Notes | Responses
Created by Sam Routledge & Dylan Sheridan
Take your car to the carwash and give it a ritual cleansing for the android age.
As the looming carwash robot goes about its work, tune in to a synchronised soundtrack from inside your vehicle, matched to the robot’s graceful movements. ‘Immersive’ in more ways than one, Crush takes place amid the hiss of water jets and whirr of brushes – an automated ceremony for gears and ears, curiously evoking the drive-in cinema.
Cocooning the audience in that most familiar of spaces – the car interior – Crush imbues a banal task with ceremony and takes a sonically powerful look at the future of our relationships with machines.
Crush was originally co-commissioned and produced by Junction Arts Festival and the Salamanca Arts Centre through Like HyPe, Launceston, 2015; and the City of Melbourne through Arts House.
Voice: Jane Longhurst Ceremonial Consultant & Ritual Text Collaborator: Victoria Spence
Arts Hub - Raphael Solarsh
Rating: 4.5 / 5 stars
Crush represented my second ever visit to a drive-through carwash but the two experiences could not have been more different. The first was rushed, tedious and obligatory while Crush was a beautiful experience from start to finish that felt all to brief. It took something ordinary, unremarkable and purely functional and transformed it into a moving, immersive experience that was a feast for the senses.
The only initial sign that you’re in the right place is the group of fluorescent orange clad attendants waiting at the entrance. Even after you’ve been guided to the appointed waiting spot and you’re watching the person in front go through it still just seemed like any ordinary carwash. In fact disclosing what happens next may rob any prospective punters of their full allotment of joy. So if what you’ve read thus far has been sufficient to make you go than stop here and return once you’ve gone. For those who don’t mind a bit of a spoiler, what follows is an extraordinary meditative journey, guided by one of the aforementioned orange clad attendants.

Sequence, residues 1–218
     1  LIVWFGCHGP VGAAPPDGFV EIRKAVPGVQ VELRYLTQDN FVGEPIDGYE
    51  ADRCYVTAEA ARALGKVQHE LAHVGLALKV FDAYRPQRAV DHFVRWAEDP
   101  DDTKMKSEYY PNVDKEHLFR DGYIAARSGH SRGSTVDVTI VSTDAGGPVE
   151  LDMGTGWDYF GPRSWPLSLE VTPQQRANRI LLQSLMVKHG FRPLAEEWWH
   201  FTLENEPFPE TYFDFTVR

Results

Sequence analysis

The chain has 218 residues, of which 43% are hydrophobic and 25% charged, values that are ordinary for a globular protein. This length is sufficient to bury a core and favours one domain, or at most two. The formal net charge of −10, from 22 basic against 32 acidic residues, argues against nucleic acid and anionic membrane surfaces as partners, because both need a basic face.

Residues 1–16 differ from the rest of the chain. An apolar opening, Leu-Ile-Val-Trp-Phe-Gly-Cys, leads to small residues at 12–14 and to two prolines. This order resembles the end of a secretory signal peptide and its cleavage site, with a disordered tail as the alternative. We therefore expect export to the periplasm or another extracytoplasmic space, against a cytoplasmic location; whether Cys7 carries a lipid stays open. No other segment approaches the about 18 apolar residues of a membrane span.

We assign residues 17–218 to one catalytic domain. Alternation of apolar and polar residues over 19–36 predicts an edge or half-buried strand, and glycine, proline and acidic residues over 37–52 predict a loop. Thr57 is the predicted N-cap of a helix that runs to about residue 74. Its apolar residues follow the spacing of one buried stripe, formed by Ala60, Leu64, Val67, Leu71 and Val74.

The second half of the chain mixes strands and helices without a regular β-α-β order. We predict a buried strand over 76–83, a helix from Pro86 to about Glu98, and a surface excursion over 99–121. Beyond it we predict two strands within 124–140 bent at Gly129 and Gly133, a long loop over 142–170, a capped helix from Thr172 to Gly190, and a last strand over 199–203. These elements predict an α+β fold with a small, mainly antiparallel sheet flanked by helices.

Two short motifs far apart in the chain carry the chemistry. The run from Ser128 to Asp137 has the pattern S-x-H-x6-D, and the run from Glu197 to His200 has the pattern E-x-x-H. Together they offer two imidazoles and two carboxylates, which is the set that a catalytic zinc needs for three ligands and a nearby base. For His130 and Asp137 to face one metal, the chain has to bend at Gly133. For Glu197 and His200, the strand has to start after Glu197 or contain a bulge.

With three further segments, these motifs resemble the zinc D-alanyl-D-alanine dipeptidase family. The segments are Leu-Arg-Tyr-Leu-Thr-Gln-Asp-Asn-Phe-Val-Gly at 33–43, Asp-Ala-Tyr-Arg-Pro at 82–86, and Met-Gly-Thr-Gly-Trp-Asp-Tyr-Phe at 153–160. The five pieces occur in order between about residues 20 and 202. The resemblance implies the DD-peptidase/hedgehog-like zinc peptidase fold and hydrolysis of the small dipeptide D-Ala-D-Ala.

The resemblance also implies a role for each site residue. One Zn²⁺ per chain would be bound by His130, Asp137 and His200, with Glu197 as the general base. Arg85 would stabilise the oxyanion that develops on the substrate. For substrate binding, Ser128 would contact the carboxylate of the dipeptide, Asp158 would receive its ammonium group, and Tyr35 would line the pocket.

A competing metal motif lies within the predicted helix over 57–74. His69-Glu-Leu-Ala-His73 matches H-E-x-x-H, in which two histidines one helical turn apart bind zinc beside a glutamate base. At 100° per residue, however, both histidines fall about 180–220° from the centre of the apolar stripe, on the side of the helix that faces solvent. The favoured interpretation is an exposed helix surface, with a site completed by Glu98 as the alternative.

The simplicity of Crush is what makes it so effective. A single light is the only external visual enhancement and once you enter the carwash, you need only tune in your radio, sit back and enjoy the goose-pimpling soundtrack. And what a sound experience it is. Tactile vibrations, sumptuous tones and calibration with the carwash machinery that would illicit the begrudging approval of a German train conductor.
That solitary light manages to do an awful lot. It creates subtle waves and rounded shapes who race to meet their shadows at the base of the windscreen. It brings back memories of headlights that shoot past on long night drives or an orange sun sinking on the horizon ahead. It manages to capture the melancholy of watching rain trail down glass almost more effectively than the real thing and once complete, raise your spirits once more.
Shmaltzy car adverts always talk about how a car can make a journey something special but in the narrow minds of any buzzword spewing ad-exec that always refers to the external associations or performance attributes of a car. Vanity in other words. In Crush you find what they could only dream of, without moving an inch. On a slightly deeper level. It makes you think about your relationship with objects, the experiences you’ve had, the experiences you hope you will have and the one you wish you hadn’t. A lot of our lives happen in cars but we rarely take the time to think about it in our manic rushing from A to B. Crush does this and so much more. It’s a wonderful micro-journey that will leave you looking eagerly forward to the road ahead.